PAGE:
Ford's condition upgraded to fair.
CBS News reported last night former President Gerald Ford "is reported doing much better now. After visiting Ford today," George W. Bush "said the former president looked great and sounded good. Ford, who is 87, promised to be out campaigning for Bush in a couple weeks."
Egypt hears Israeli plea but balks over status of Jerusalem.
Reuters reports, "Egypt offered today to help Israel reach a peace deal with the Palestinians but said it will not put pressure on Palestinian leader Yasser Arafat to make concessions on Jerusalem." As Israeli Prime Minister Ehud Barak "consulted President Hosni Mubarak here in Egypt, Arafat turned up in South Africa to appeal to former President Nelson Mandela to intervene and help revive the peace process following the failed Camp David summit." The AP adds Barak "failed yesterday to get what the Israelis and the Americans believe could be key to reconvening a peace summit: an Arab initiative to soften the Palestinian stance on Jerusalem."
Taiwan leader's U.S. visit irritates Beijing.
The Washington Times reports, "A brief visit to Los Angeles later this month by Taiwan's new president has triggered a new round of squabbling between Beijing and Taipei and prompted new worries for the Clinton administration's troubled China policy." The Times adds, "The Chinese government opposes the one-day visit and has expressed its views to U.S. officials here and in Beijing, said Zhang Yuanyuan, press spokesman for the Chinese Embassy."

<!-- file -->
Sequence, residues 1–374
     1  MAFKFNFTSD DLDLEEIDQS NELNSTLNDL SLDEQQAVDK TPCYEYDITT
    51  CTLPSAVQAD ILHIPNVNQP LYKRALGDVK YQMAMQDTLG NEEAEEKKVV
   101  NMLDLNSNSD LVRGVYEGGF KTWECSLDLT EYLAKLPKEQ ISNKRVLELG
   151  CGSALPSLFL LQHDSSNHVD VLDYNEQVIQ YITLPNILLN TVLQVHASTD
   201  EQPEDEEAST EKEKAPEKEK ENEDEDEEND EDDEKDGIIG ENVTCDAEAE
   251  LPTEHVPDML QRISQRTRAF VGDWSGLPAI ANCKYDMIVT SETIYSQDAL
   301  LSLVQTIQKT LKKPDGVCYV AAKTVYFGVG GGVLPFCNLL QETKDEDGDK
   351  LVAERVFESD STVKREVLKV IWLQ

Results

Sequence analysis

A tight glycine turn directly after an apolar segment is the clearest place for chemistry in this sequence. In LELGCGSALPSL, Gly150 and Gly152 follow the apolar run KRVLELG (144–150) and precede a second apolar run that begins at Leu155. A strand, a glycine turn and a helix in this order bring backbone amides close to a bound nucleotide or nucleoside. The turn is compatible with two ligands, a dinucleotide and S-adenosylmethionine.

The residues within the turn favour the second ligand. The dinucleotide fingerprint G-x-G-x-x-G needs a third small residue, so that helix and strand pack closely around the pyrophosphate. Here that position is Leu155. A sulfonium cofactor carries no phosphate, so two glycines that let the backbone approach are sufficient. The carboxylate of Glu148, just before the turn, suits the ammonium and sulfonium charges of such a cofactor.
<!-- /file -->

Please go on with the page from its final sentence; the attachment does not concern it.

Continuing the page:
North Korea promises again to end missile program, for a price.
The Washington Post reports, "In a confidential exchange of letters, North Korea has reaffirmed to Russia that it will drop its intercontinental ballistic missile program if other countries will launch two or three satellites a year for Pyongyang at their expense, well-informed sources said today." The Post adds, "The threat of North Korean missile launches is one of the major reasons the United States is considering a limited national missile defense system. … If the North Korean threat is diminished--or could be abated with a relatively small investment in satellite launches--this could have a significant impact on the debate in Washington on the issue."
CBS will offer more coverage of DNC convention than RNC's show.
The New York Times reports "officials at CBS News said yesterday that they would slightly revise their coverage plans for the first night of the Democratic National Convention in Los Angeles, after television critics and their own employees complained about the way the opening night of the Republican gathering in Philadelphia was handled."